Interim Report Suggests Greater Public Input Into Planning Process

Local councils have been advised to redevelop retail parks into ‘mixed use’ communities and to also offer improved levels of public involvement in the planning process.

Currently, many retail parks and large supermarkets were built specifically as retail units to house shops and restaurants. However, the ‘Building Better, Building Beautiful Commission’ interim report claims that new build developments should be built around these areas to create a ‘mixed use’ community.

The report also claims that the local community should have a more effective and earlier say in housing plans that will affect them.

Additionally, the report has examined ways developments could ensure they are more beautiful. Councils should feel confident in ‘saying no to ugly’ by using older examples to highlight poor practice.

The report has also suggested that the public should be included in the design standards councils set developers to ensure improved quality is achieved.

Nicholas Boys Smith, Interim Chairman of the Commission, commented:

“Redeveloping abandoned out of town retail parks and ugly old supermarkets would deliver something much more beautiful in the form of thriving new communities where people can raise a family, work or settle down.

“Our initial report sets many ways we can make our country more beautiful while fulfilling the needs of future generations who will need a roof over their head.

“We need to move the democracy up-stream from development control to plan-making.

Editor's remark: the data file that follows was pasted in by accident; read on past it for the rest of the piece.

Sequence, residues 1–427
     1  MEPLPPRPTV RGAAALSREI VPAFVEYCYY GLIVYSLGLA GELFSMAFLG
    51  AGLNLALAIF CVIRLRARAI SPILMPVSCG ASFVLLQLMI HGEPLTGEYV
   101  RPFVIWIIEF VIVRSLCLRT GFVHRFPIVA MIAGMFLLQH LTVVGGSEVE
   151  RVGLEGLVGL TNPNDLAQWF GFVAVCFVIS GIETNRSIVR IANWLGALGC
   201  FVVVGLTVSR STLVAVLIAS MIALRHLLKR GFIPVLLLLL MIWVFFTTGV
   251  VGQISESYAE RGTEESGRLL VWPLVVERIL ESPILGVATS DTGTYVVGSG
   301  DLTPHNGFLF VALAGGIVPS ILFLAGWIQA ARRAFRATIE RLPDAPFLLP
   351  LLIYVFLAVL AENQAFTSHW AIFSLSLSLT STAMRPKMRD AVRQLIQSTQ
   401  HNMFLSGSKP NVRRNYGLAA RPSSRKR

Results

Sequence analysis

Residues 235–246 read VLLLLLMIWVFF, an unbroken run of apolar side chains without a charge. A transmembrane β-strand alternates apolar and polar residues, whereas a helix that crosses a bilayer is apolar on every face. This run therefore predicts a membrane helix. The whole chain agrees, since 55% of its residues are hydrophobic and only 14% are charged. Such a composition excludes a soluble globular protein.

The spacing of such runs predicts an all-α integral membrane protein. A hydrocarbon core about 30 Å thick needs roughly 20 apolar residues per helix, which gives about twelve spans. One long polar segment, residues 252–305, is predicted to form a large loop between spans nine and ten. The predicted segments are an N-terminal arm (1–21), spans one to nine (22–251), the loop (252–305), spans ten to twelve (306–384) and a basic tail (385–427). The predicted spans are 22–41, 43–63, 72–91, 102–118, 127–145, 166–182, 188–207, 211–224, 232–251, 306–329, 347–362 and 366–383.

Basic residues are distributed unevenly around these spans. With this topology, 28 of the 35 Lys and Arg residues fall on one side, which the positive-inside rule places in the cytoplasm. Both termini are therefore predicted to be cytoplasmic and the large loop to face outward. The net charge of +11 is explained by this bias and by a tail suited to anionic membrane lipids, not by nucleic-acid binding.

“Beauty should not be just a property of the old buildings or protected landscapes but something we expect from new buildings, places and settlements. We need to deliver beauty for everyone, not just the wealthy. This will require, ultimately, some fundamental changes. Hopefully our report will start part of that important debate with the public and the professions.

“These are draft proposals at this stage, and we would welcome further feedback before we put a final report to the government in the coming months.”

James Brokenshire MP, Communities Secretary, said:

“I am determined to reach our target of building 300,000 homes a year by the mid-2020s, but it’s right that we do not do this at any expense – what is built must stand the test of time.

“We owe it to the next generation to not just build more homes, but to build communities people can be proud of.

“As a country, we should not shy away from talking about what building beautifully means – and this report is an important contribution to that discussion.”

Are beautiful new build developments important? Will improving the standards and beauty in a new build area create increased demand?

1 Comment

  • test

    Do the public want to shop in a place of beauty?

    I once worked on a shopping centre that was the least beautiful building in a community officially called the UK’s “No 1 c**p town”

    Every few years a local politician would announce pre-election that she or he would show my employer how to do its business. We had only to beautify the building and trade would rocket

    esearch, however, showed clearly that the shoppers did not want cosmetic expenditure which would trickle down to prices at the tills

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